I know what you’re thinking. Did I fire 5 shots or 6? And also, why am I writing about a basketball game instead of dudes turning left for 5364 hours? Well, to answer that, I was all prepared to make my glorious and long-awaited return, when I took a gander at my esteemed colleague Stevie Grant’s latest review. And what I saw shocked and disturbed me.
That’s right folks, not only have I reviewed this pathetic racing game, but I have also reviewed all racing games!
In one fell swoop, Mr. Grant has stolen my thunder. So, since I’m out of a job pretty much as your favorite racing game writer EVER, I believe it’s about time I changed some things up around here, and started talking about other vidyagames of an athletic nature. (And I’ll do the occasional racing title still as well, because I love to torture you that much.) And what better way to kick this puppy off than with one of the most beloved sports games of the 16-bit era?
So, if there’s one thing Midway was always pretty damn stellar with in their existence (or at least in the 90s/early 00s), it was the over-the-top arcade game, especially with sports licenses. And while they’d been at it for awhile, with titles like Super High Impact Football and Arch Rivals, NBA Jam was the first one to break out and be a huge hit for the company.
The idea was simple. Take the 2v2 gameplay of Arch Rivals, take out most all of the rules (aside from the shot clock and, weirdly enough, goal tending), acquire the permission of the NBA to use their licenses, throw in a ton of easter eggs and insane visuals like impossible dunks and full court shots, blend, and serve. And as mentioned above, it worked damn well, getting rave reviews and Midway a nice chunk o’ change (to the tune of one billion dollars just in arcades alone). Of course, being a sports game, by the time the new NBA season rolled around, everybody wanted updated rosters and such. And thus, we got the version I’m writing about today.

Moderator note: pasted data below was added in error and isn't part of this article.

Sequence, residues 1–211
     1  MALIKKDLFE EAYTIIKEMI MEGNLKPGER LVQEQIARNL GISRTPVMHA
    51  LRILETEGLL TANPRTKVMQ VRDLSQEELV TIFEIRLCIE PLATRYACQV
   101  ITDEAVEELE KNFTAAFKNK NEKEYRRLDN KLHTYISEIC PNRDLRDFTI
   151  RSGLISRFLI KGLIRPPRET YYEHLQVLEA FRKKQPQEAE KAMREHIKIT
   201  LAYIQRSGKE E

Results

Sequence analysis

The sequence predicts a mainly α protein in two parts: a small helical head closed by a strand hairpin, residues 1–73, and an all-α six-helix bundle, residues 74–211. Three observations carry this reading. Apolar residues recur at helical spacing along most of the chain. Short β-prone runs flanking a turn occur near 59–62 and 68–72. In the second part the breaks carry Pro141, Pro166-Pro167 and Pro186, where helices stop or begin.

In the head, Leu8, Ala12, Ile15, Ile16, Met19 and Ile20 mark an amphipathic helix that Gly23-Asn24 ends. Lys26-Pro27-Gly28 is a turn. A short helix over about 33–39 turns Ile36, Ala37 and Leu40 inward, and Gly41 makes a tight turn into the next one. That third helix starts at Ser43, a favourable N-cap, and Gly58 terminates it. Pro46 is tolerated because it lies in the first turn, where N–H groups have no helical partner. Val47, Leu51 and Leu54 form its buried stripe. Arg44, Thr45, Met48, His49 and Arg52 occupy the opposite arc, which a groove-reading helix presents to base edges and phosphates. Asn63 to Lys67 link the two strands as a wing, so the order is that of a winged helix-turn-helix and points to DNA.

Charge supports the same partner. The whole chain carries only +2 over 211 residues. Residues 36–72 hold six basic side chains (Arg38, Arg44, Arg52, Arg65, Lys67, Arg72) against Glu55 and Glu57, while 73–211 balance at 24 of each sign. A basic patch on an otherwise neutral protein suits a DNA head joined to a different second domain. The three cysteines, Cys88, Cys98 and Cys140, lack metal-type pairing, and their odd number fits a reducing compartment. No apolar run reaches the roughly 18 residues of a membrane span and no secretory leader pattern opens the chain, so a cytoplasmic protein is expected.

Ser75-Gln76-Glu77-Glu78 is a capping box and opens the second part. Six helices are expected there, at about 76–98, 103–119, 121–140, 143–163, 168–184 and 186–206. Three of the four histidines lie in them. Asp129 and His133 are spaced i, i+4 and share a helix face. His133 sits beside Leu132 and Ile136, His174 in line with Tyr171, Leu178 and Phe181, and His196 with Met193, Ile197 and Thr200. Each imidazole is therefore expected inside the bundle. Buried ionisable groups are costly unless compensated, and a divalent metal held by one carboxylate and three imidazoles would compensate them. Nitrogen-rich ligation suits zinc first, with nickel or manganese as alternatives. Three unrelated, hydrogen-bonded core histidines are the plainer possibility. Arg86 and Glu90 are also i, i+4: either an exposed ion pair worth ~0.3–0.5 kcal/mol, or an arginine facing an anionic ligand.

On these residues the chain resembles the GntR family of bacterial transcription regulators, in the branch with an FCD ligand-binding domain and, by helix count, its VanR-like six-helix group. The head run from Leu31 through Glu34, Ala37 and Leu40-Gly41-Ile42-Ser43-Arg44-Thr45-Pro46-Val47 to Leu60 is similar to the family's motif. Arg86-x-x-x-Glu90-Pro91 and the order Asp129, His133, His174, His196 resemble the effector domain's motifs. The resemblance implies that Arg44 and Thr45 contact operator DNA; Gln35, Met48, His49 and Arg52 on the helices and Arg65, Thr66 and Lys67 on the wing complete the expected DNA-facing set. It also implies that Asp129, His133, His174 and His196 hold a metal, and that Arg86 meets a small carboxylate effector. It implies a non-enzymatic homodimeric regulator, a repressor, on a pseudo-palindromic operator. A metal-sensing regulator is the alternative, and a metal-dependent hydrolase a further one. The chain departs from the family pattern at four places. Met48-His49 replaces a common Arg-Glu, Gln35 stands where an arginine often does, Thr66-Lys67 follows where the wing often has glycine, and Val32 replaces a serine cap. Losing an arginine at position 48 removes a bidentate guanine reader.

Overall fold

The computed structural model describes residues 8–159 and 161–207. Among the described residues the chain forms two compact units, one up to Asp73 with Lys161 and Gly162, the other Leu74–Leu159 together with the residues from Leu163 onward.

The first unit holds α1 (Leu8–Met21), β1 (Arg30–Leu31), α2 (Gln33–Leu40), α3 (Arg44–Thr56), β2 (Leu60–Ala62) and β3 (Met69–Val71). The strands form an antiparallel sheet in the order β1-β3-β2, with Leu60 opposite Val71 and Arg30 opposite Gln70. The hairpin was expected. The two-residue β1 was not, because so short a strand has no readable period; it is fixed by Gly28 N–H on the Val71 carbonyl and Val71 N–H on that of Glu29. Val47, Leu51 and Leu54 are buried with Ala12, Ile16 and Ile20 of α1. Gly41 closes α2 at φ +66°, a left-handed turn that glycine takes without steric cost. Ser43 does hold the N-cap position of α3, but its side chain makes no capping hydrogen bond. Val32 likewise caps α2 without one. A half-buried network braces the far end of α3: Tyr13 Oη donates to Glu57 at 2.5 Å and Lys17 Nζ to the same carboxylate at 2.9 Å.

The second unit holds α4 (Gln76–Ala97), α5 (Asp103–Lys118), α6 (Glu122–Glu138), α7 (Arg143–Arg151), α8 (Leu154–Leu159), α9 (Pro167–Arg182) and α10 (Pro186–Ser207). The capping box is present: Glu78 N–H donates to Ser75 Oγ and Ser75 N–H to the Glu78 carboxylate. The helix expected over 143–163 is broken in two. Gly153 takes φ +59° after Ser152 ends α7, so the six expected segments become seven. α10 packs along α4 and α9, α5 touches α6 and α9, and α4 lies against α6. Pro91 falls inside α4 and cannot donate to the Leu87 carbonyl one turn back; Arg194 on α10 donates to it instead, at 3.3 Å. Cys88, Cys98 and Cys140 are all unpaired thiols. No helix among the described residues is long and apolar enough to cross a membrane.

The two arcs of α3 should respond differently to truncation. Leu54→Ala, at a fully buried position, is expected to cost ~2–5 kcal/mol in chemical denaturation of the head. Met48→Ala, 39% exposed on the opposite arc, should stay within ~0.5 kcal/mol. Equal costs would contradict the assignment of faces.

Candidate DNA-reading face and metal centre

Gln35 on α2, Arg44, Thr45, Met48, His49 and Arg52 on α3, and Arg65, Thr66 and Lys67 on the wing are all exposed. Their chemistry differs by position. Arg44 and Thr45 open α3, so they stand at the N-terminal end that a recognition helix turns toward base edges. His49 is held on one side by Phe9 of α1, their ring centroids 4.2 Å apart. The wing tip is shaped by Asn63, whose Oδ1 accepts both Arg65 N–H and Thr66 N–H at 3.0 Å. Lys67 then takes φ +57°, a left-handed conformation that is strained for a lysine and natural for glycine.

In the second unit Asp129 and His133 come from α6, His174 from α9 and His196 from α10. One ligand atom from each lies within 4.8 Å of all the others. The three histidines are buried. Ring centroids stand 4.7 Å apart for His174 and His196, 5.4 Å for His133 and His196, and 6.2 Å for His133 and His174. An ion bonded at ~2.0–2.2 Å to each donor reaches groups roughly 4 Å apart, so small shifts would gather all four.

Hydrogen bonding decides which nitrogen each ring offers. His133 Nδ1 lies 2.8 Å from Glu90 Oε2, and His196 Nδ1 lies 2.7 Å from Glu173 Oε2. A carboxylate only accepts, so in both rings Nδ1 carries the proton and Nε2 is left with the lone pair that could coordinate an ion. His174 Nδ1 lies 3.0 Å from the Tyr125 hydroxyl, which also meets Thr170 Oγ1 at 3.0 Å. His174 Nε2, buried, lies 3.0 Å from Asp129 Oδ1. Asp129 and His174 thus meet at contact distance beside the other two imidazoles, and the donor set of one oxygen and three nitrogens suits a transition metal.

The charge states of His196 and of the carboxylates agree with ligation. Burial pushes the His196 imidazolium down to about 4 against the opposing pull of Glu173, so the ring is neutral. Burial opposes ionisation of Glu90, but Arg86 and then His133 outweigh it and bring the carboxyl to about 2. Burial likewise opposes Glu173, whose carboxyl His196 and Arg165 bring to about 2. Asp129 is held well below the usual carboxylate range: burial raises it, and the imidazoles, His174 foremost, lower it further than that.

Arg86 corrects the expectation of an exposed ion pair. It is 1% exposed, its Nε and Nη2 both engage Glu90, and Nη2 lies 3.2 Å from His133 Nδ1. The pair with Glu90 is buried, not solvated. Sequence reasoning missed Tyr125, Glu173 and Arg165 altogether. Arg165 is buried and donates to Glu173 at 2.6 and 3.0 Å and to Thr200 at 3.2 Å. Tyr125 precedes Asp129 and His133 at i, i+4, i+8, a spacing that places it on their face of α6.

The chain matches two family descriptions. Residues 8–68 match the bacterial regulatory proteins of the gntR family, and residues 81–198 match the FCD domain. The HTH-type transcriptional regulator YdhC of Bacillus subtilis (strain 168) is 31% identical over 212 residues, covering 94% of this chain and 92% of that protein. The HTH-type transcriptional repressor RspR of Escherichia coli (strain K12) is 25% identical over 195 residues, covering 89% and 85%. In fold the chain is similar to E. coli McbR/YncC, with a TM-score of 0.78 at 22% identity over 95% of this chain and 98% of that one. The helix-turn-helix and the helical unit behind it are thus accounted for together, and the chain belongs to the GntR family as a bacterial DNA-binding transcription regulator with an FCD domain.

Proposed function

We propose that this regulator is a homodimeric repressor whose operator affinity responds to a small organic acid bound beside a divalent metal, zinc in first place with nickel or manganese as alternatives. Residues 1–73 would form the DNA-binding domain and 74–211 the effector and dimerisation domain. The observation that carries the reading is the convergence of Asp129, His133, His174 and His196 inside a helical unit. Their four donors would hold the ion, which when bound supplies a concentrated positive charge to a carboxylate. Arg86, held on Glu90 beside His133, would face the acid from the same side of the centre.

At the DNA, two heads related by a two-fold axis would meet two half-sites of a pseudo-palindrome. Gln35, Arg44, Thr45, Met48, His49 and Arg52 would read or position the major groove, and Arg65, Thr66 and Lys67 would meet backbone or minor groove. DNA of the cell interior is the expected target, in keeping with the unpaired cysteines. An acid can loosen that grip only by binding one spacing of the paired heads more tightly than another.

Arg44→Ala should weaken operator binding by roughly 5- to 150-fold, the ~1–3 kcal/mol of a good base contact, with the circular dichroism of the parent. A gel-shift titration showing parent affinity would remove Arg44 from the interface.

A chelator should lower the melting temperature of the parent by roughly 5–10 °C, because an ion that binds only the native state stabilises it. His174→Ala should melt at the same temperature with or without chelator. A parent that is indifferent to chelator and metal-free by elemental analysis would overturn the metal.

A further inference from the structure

Let me just go ahead and get it out of the way: This game is awesome. Simply awesome.
Graphically, the Genesis version isn’t anything to write home about, but it IS pretty decent looking for its time. And while sprites and such aren’t the greatest, other visuals, such as the classic “On Fire!” mode, and of course, the superdunks (complete with flashbulbs and the like from the crowd) are a sight to see, and definitely satisfying to watch after pulling em off successfully.
The sound is one of the most iconic things about the entire game. The music has been compared to George Clinton’s on more than a few occasions, which led to him being a hidden character in Tournament Edition, and is so beloved by fans of the game that it even has remixes on OCRemix.org, where mixes of licensed sports games aren’t exactly common. The other reason the sound is so beloved is because of the announcer, who would spout off some brilliant catchphrases, some of which have been a part of the professional sports commentator’s cliché handbook ever since.